WEDC ended the letter by reiterating it was open to amending the contract to reflect Foxconn’s current plans. There are signs that such an agreement might be close. After claiming the specifics of what it was building were never important, Foxconn added that it does wish to discuss amending the contract to “lower the taxpayer liability in exchange for a flexible business environment in Wisconsin.” Foxconn has previously expressed interest in an amendment only to revert to insisting it was building an LCD factory after all, but it’s possible that with President Trump exiting the White House, the company will feel less pressure to maintain the facade that it’s building the project Trump touted.
But such an amendment hinges, as always, on Foxconn telling Wisconsin what it is actually building. In a November 24th email, WEDC CEO Missy Hughes wrote to Foxconn executive Jay Lee expressing enthusiasm for revising the contract and imploring the company to provide its plans, something the company has refused to do for over a year and a half.
“WEDC’s practice is to understand the company’s plan and award incentives based on that plan and its projected impact on Wisconsin’s economy,” Hughes wrote. “We base our investment on the company’s plans. Should these plans change, WEDC is prepared to amend the contract. But fundamental to an initial award is an understanding of the company’s plans. Accordingly, the next clear step for WEDC and Foxconn is to meet and for Foxconn can outline its plans for Wisconn Valley, its planned investment, and job creation. By providing specific plans about what Foxconn will build, the type of business, the types of jobs and salaries, WEDC will be able to run our analysis of the taxpayer’s return on investment.”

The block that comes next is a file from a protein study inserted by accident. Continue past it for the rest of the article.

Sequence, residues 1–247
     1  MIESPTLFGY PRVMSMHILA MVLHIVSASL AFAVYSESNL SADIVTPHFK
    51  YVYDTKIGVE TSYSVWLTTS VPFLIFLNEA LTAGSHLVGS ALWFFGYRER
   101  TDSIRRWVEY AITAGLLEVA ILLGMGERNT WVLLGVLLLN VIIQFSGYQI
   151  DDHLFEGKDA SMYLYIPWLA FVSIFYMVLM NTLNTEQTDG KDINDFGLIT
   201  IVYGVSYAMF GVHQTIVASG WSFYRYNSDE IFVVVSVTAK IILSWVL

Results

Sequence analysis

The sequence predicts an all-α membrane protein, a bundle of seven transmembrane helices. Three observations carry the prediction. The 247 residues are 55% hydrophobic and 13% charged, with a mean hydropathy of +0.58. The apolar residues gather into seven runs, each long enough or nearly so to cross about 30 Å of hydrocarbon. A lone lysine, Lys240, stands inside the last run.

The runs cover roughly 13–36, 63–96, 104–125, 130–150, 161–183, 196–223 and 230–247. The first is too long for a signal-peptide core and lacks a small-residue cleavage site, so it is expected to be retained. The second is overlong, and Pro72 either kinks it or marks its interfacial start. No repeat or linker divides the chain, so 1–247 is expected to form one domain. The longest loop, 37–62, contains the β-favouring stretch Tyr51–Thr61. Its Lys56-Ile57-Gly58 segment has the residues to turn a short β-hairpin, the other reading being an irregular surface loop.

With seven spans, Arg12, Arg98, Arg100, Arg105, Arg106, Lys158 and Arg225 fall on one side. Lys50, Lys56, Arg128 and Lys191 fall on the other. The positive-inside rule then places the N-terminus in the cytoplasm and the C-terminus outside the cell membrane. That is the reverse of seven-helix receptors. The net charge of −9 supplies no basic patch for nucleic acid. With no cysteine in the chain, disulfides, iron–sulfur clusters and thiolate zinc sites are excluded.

A Foxconn lawyer responded with an email agreeing to a video meeting on December 4th, saying, “I am confident that after months of discussions we are on the brink of coming to acceptable terms that will lead to an exciting future for our smart manufacturing park in Mount Pleasant.”
Neither WEDC nor Foxconn responded to a request for comment on the status of negotiations or to questions about whether Foxconn provided the required plans and projections. However, an interview with Hughes published yesterday indicates a continued lack of clarity around the project. Talks are ongoing, she told the Milwaukee Business Journal, and “Foxconn is helping WEDC understand what their plans are and helping us understand what their projections are so that we can analyze that and think about how we support it from the taxpayer side.”
But Hughes seemed to acknowledge that Foxconn itself is still figuring out what to do. “For Foxconn, because they’re right at the beginning stages, there’s a lot of different ways that they’re thinking about what they’re going to be working on, whether it’s artificial intelligence or smart manufacturing, and so understanding that — and I will say get overwhelmed by the terminology and the different things — but I do think they’re very forward thinking and I think if there’s anything that Wisconsin can benefit from, from Foxconn, is that forward thinking mindset.”